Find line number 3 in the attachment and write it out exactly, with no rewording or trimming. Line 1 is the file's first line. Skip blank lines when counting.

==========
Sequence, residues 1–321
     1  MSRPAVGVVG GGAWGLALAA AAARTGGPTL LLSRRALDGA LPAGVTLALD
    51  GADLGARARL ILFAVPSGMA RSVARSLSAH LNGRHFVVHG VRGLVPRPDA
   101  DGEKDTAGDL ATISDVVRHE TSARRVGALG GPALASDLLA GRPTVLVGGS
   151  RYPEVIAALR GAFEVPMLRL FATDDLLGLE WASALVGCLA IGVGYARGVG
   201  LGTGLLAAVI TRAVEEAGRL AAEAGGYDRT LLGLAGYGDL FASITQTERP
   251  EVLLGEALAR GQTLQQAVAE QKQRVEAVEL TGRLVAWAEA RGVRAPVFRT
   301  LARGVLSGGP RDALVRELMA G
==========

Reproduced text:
    51  GADLGARARL ILFAVPSGMA RSVARSLSAH LNGRHFVVHG VRGLVPRPDA